March 9, 2016//
Meet Wendy Barker. For more than 30 years, the UTSA faculty member has been inspiring students through poetry.
I loved that UTSA was a new university and there were so many possibilities.”
– Wendy Barker
Barker's love for poetry started at home. When she was a baby, her parents read to her from classic anthologies.
"When I was a schoolgirl, my father would stand up in the living room and read aloud from his old, battered poetry anthology from high school," Barker said. "I would sit transfixed. I was so moved. He would never quiz me. He would just stop and say, 'Isn't that beautiful?'"
Her family's appreciation for the art form instilled a lifelong love of poetry in Barker. Surprisingly, she didn't actually begin writing her own poems until she pursued work on her Ph.D. at the University of California, Davis. There, she worked under legendary feminist scholar Sandra Gilbert, whom Barker calls her "poetry mother."
"She nurtured my baby poems," Barker said. "I'd been writing little bits and putting them away in drawers. At first, I thought they were going to be short stories, but then I realized I'd been trying to write poems. I took them, trembling, to Sandra and she was not only encouraging but very positive."
Barker graduated with her Ph.D. in literature in 1981. She found she had a wealth of job offers from various universities as a result of her expertise in American literature, 19th century British literature, women's literature and feminist theory. UTSA was among those prospects.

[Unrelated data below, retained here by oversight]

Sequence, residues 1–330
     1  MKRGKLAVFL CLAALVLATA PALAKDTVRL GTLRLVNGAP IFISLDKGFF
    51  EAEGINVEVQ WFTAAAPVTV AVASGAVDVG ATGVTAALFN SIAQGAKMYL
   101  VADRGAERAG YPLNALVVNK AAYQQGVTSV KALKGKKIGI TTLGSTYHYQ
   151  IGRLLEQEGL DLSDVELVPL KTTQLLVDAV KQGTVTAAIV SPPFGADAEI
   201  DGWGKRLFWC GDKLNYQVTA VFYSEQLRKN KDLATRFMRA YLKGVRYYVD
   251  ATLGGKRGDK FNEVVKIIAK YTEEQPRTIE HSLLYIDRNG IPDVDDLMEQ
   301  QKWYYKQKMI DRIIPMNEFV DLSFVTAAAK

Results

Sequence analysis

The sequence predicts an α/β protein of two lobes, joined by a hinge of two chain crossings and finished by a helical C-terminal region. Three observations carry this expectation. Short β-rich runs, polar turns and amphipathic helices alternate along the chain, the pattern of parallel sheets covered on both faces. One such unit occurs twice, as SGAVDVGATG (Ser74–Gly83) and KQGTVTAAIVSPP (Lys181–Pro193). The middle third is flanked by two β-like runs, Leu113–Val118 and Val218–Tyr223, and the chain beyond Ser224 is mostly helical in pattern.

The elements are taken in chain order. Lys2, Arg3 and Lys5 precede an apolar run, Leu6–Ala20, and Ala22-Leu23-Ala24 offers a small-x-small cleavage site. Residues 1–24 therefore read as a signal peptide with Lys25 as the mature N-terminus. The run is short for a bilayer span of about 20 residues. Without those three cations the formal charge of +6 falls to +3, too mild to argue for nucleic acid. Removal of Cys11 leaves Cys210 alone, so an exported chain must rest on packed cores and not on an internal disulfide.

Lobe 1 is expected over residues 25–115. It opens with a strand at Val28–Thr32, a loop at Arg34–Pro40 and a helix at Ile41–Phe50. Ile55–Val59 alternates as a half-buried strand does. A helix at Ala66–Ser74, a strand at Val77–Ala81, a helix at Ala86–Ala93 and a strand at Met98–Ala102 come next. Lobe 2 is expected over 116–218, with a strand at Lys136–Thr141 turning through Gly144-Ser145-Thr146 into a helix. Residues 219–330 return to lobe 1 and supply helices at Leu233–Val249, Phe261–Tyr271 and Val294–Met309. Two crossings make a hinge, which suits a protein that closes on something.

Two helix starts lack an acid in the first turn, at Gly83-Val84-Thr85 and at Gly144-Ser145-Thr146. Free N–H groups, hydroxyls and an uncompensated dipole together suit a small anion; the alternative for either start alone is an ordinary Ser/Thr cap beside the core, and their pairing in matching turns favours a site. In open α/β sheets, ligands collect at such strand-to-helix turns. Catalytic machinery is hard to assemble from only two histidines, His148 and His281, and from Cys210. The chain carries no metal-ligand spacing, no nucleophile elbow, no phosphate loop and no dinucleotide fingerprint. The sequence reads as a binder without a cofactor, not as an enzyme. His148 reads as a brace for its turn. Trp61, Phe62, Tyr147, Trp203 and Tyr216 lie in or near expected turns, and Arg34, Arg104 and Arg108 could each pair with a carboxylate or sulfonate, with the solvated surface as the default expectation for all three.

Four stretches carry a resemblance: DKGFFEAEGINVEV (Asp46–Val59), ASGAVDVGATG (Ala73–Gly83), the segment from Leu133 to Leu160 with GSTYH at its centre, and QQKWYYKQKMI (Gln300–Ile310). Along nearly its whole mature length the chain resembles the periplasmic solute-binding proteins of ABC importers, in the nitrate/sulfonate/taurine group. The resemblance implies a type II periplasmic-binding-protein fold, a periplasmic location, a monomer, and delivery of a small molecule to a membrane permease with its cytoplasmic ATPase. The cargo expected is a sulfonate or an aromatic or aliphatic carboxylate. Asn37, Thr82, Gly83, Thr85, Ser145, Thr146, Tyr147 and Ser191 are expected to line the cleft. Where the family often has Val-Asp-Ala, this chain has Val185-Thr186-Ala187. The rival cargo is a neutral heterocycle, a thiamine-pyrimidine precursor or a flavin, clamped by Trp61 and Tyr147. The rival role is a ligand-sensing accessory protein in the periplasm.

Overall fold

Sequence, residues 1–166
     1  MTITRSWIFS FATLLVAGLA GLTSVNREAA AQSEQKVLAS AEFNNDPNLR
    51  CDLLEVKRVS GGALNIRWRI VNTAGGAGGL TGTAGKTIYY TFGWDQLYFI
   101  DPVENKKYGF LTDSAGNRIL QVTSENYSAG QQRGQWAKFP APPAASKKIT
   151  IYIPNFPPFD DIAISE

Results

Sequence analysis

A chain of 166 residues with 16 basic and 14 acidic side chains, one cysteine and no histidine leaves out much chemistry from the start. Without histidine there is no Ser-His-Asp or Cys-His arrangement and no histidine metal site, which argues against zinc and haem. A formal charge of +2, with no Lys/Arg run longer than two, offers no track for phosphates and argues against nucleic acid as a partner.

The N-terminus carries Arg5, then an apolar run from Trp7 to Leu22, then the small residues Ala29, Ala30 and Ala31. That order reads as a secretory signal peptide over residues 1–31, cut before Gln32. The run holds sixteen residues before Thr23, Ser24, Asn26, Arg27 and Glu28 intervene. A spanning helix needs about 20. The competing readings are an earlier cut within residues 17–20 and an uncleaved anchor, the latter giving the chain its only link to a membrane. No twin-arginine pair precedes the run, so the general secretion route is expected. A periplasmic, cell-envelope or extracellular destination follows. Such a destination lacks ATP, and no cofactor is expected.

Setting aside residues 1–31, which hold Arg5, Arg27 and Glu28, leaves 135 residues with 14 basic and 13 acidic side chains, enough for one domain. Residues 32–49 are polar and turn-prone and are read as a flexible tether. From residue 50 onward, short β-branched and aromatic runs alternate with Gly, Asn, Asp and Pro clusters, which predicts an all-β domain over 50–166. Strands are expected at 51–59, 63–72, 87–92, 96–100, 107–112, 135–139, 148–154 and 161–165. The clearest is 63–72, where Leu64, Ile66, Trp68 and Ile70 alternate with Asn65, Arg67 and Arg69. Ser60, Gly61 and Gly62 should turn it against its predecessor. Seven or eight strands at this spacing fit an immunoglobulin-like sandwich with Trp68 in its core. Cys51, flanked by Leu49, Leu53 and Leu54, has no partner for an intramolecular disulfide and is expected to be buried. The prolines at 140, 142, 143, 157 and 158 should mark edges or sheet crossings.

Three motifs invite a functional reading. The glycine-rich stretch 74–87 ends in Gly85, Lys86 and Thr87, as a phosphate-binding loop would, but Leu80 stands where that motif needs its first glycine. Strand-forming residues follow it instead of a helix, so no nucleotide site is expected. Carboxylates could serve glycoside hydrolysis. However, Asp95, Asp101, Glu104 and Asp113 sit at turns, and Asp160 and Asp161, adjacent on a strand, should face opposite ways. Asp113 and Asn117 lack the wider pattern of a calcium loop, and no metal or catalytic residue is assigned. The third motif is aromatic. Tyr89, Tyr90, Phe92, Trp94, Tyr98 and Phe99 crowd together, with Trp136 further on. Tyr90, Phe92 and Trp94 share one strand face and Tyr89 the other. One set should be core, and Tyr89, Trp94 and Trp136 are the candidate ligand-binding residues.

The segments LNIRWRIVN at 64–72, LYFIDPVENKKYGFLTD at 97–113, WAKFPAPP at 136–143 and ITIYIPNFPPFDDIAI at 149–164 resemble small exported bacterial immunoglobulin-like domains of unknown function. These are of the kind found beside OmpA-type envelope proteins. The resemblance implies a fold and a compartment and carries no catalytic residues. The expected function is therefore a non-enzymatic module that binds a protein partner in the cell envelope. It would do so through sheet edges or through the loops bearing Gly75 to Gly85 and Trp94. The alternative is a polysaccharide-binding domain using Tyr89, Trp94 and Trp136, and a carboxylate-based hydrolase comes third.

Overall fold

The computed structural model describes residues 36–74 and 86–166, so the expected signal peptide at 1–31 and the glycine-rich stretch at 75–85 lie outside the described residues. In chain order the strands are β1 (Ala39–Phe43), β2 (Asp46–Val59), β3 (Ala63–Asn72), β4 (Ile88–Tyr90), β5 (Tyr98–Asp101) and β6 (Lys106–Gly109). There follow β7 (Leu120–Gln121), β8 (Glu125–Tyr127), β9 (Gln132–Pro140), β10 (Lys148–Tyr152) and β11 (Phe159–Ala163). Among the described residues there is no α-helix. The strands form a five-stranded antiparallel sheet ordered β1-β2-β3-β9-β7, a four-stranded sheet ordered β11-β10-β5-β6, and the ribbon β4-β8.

"When I flew over San Antonio for my on-campus interview at UTSA, I looked down at the hill country and just fell in love," Barker said.
As she proceeded with her interview, she experienced warmth, openness and diversity from the UTSA community. It reminded her of her upbringing in Tucson, Arizona.
"I loved that UTSA was a new university and there were so many possibilities," she said.
Thirty-four years later, Barker is still proud of her decision to become a Roadrunner. She's built a legacy at UTSA, teaching countless students not just how to write poetry but how to appreciate it.
To date, Barker has published two books on literary criticism, six full poetry collections and four smaller "chapbook" poetry collections. The most recent poetry collection, One Blackbird at a Time, is about her teaching experiences at UTSA.
"I care about my students," she said. "I appreciate that they don't take getting an education for granted. They're hungry to learn. And how I learn from them!"
Do you know someone at UTSA who is achieving great things? Email us at firstname.lastname@example.org so we might consider your submission for an upcoming installment of Meet a Roadrunner.